Peter has invested his own capital (equity) of $750,000. In this case, Peter receives no money as all the liquidated amount goes to the serving of the bank. Please note the return to the shareholder (Peter) is zero.
Scene # 2 – Peter’s Business Grows and show’s recurring earnings
Let us now take another case study where Peter’s business is not doing bad and is, in fact, growing each year.
- Peter’s business steadily grows from CFO of $50,000 in year 1 to CFO of 1,500,000
- Peter raises only $50,000 in year 2 due to liquidity requirements
- Thereafter he does not need any other set of cash flow from financing to “survive” the future years
- Ending cash for Peter’s Company grows to $1350,000 at the end of year 5
- We see that excess cash is positive (CFO + CFI) from year 3 and is growing every year.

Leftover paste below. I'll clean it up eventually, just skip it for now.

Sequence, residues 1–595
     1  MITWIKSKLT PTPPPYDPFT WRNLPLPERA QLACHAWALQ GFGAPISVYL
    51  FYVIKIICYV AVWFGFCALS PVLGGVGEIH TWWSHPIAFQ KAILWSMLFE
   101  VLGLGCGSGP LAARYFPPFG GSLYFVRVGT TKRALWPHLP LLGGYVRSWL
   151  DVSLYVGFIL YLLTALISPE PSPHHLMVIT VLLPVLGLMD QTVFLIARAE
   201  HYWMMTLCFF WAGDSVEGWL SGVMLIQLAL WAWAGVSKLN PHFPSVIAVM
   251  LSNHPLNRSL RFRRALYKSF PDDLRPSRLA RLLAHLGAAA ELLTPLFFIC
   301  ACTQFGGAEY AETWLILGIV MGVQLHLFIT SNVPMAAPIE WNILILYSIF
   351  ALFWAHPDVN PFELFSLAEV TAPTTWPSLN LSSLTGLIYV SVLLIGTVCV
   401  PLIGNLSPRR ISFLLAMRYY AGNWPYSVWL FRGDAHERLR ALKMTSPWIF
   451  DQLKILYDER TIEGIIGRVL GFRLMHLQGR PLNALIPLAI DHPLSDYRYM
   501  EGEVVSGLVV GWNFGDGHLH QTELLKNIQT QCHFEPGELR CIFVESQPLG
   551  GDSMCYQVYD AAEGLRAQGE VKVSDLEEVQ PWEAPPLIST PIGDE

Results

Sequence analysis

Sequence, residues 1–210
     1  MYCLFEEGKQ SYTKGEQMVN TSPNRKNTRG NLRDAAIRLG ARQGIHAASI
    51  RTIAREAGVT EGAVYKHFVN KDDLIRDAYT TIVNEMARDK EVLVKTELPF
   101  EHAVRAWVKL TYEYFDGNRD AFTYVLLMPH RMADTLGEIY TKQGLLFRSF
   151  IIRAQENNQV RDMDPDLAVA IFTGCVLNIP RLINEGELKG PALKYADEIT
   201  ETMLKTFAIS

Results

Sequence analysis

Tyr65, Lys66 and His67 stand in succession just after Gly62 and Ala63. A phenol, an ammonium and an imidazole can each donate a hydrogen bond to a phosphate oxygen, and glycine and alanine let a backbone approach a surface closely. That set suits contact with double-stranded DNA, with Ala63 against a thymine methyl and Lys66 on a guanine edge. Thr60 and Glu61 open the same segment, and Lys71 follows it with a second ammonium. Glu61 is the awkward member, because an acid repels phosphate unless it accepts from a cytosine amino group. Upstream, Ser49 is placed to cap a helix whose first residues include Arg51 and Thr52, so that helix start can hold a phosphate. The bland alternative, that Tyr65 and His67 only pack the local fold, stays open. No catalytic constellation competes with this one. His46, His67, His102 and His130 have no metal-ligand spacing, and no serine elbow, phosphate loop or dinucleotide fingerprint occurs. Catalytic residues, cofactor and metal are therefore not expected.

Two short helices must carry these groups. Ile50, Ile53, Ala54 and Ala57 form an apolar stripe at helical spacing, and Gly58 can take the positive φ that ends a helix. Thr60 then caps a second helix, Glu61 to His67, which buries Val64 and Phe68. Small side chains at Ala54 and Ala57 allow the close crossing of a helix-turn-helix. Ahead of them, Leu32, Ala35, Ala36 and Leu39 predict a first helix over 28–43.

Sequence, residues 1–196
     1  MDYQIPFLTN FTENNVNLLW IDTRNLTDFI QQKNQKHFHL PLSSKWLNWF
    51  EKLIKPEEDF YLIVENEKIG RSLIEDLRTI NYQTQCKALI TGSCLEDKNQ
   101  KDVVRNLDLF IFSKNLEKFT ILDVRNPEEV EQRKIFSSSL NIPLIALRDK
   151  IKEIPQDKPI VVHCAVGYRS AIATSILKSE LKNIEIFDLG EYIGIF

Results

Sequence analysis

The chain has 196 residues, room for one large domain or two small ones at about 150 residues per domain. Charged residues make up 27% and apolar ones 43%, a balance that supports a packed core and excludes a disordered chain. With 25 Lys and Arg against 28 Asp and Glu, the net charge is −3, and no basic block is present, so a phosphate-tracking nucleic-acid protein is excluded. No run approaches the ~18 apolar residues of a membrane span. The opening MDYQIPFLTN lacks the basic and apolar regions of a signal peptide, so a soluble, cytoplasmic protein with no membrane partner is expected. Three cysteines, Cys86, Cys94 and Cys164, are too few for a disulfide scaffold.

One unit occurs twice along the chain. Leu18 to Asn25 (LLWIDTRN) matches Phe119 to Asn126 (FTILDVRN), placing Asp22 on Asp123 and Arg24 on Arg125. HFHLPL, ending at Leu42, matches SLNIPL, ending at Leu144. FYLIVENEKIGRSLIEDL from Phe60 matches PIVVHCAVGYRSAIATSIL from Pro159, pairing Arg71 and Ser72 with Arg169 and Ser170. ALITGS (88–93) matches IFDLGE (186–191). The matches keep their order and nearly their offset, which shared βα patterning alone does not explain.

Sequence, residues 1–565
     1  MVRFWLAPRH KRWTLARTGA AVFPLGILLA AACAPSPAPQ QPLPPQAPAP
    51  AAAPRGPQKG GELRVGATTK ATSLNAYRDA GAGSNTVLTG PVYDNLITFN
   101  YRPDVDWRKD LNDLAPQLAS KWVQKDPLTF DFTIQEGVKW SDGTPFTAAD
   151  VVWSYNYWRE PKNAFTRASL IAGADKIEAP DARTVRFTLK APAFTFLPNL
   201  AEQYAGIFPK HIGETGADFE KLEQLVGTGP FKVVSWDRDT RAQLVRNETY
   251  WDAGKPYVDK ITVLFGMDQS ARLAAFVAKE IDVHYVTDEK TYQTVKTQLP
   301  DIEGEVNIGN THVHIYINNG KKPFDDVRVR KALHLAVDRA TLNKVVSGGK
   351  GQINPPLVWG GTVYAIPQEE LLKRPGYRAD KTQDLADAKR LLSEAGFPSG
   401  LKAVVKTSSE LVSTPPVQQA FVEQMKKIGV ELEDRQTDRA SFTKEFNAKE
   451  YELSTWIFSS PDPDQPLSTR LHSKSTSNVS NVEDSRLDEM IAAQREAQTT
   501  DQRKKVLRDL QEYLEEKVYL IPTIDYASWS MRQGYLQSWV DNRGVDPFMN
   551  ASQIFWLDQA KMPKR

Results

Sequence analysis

How much the bank receives?
Bank has given a total loan of $550,000. In this case, Peter’s business is doing well and generating positive cash flows, he is able to pay off the bank loan along with the interest within the mutually agreed time frame.
How much Peter (shareholder) receives?
Peter has invested his own capital (equity) of $500,000. Peter has 100% ownership in the firm and his equity return will now depend on the valuation of this business that generates positive cash flows.
# 2 – Layman’s Definition of Free Cash Flow to Firm (FCFF)
In order to appreciate the layman’s definition of Free Cash Flow to the firm or FCFF, we must do a quick comparison of Case Study 1 and Case Study 2 (discussed above)
|Item||Case Study 1||Case Study 2|
|Revenues||Stagnant, not growing||Growing|
|Cash flow from operations||Stagnant||Increasing|
|Excess Cash (CFO + CFI)||Negative||Positive|